03.21.2008

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Updates

The IRS recently issued Revenue Ruling 2008-13, which clarifies the IRS's new position with
respect to the applicability of the performance-based compensation exception for purposes of Section 162(m) of the Internal Revenue Code and grants transition relief to provide public companies an opportunity to review outstanding compensation plans, agreements and other arrangements in light of the IRS's new position.

This update provides general background information on Section 162(m), summarizes the key highlights from Revenue Ruling 2008-13 and offers practical guidance.

General Background on Section 162(m)

Section 162(m) generally limits a publicly held company's ability to deduct applicable compensation with respect to any "covered employee" to the extent that the amount of that employee's compensation for the taxable year exceeds $1 million, subject to certain exceptions, including an exception for performance-based compensation. For more information on identifying "covered employees" for purposes of Section 162(m), see our June 7, 2007 update, IRS Narrows Definition of "Covered Employees" for Purposes of the $1 Million Limitation on Deducting Executive Compensation.

Effect of Revenue Ruling 2008-13

Compensation Payable on Termination of Employment or Retirement Is Subject to
Section 162(m) Limitation on Deductibility.
Revenue Ruling 2008-13 reverses the IRS's prior position in private letter rulings and provides that compensation will not qualify as performance-based compensation under Section 162(m) if a plan, agreement or other arrangement provides that the compensation will be paid, without regard to whether the applicable performance goal is attained, in the event that

  • the executive's employment is involuntarily terminated by the company without cause,
  • the executive terminates his or her employment for good reason, or
  • the executive retires.

Provides Limited Transition Relief for Existing Compensation Arrangements. Revenue
Ruling 2008-13 provides that its holdings will not be applied to disallow a deduction for any compensation that otherwise qualifies as performance-based compensation under Section 162(m) and that is paid under a plan, agreement or other arrangement that has payment terms similar to the terms described in the ruling if either of the following applies:

  • The performance period (i.e., the service period to which the performance goal relates) for such compensation begins on or before January 1, 2009; or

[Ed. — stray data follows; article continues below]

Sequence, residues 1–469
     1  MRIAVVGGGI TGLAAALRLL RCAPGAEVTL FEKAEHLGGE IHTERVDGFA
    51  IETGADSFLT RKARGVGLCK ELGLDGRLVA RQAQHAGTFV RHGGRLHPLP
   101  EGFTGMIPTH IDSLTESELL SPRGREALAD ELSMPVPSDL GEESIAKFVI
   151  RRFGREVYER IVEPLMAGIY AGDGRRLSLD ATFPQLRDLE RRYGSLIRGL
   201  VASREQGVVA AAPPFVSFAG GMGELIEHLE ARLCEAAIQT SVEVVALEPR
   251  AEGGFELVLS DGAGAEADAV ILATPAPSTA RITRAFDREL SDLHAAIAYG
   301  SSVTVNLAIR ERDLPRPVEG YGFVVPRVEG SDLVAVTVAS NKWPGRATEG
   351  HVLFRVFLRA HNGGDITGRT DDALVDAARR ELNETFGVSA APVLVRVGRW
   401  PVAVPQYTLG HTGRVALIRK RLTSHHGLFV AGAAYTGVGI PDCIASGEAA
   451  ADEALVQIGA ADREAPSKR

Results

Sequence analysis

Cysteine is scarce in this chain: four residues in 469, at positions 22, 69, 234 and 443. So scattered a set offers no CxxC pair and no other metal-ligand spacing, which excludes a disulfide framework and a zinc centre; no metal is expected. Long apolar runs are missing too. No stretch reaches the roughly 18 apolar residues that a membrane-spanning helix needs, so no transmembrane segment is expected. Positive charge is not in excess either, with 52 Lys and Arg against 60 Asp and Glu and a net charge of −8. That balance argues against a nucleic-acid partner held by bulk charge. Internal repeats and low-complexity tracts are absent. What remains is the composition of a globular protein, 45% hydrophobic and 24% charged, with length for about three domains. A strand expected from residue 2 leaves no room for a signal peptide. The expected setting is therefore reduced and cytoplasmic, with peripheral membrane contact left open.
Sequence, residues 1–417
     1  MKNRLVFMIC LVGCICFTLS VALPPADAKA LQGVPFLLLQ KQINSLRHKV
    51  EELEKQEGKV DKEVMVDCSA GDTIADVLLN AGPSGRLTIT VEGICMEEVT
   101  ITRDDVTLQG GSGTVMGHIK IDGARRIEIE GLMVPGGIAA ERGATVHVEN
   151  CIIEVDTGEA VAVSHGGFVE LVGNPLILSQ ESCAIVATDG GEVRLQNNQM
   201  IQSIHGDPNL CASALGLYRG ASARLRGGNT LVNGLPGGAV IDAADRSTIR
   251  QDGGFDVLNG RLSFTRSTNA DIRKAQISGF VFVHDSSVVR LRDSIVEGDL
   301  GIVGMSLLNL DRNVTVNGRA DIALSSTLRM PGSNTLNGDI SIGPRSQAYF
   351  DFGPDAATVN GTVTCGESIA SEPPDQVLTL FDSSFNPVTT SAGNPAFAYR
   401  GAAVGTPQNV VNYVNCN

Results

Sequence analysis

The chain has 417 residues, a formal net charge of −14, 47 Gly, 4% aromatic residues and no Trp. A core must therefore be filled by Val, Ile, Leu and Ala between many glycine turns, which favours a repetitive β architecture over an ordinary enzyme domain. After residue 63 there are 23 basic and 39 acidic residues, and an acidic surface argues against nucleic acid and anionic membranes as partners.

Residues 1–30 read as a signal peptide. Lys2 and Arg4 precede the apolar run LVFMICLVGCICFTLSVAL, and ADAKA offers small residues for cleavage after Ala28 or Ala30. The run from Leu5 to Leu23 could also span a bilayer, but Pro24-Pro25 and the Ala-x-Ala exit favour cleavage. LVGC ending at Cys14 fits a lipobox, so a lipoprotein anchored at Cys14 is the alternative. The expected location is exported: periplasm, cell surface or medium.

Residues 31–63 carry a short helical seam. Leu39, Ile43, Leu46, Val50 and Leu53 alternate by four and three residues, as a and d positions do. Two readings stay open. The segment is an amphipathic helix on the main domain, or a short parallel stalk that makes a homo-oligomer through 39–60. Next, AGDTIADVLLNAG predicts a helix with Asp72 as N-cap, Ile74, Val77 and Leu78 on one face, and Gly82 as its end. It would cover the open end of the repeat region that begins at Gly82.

• The compensation is paid pursuant to the terms of a contract as in effect (without regard to any future renewals or extensions, including renewals or extensions that occur automatically) on February 21, 2008.

Practical Tips

Start Now! Public Companies Should Review Incentive Compensation Arrangements in Light of the IRS's New Position. 
Public companies should take steps to determine whether any amendments may be
required to new and outstanding compensation plans, agreements and other arrangements in light of Revenue Ruling 2008-13. Public companies should identify all new and outstanding compensation plans, agreements and other arrangements involving their "covered employees" (within the meaning of Section 162(m)), with a particular focus on identifying whether these arrangements include termination of employment or retirement as a permitted payment event, and determine whether any amendments may be required in light of Revenue Ruling 2008-13. Common types of plans, agreements and arrangements that may be affected by Revenue Ruling 2008-13 include the following:

  • Employment Agreements
  • Annual and Multiyear Bonus Plans
  • Incentive Compensation Plans
  • Equity Awards
  • Severance Plans and Agreements
  • Change-of-Control Plans and Agreements
  • Other Compensation Arrangements
Potential Exception for Stock Options and SARs. Because a special rule in the applicable IRS regulations under Section 162(m) deems some stock options and stock appreciation rights to be performance-based, these stock options and SARs should not be affected by Revenue Ruling 2008-13. Nonetheless, public companies should continue to monitor the status of stock options and SARs in response to the IRS's new position.

Consider Amending Compensation Arrangements.
Public companies should consider amending their compensation arrangements in response to Revenue Ruling 2008-13. Public companies should also consider whether to make any adjustments to their governance and public disclosure planning in connection with these amendments. In particular, management should make this determination as soon as possible to facilitate addressing amendments to new and outstanding compensation plans, agreements and other arrangements at upcoming meetings of boards of directors, committees and other governing bodies. Management should also keep in mind all applicable shareholder approval and reporting and disclosure obligations, including for current and periodic reports (Forms 8-K, 10-Q and 10‑K) and in proxy statements.

Additional Information

This update is only intended to provide a general summary f Revenue Ruling 2008-13. You can read the full text of Revenue Ruling 2008-13 at http://www.irs.gov/pub/irs-drop/rr-08-13.pdf.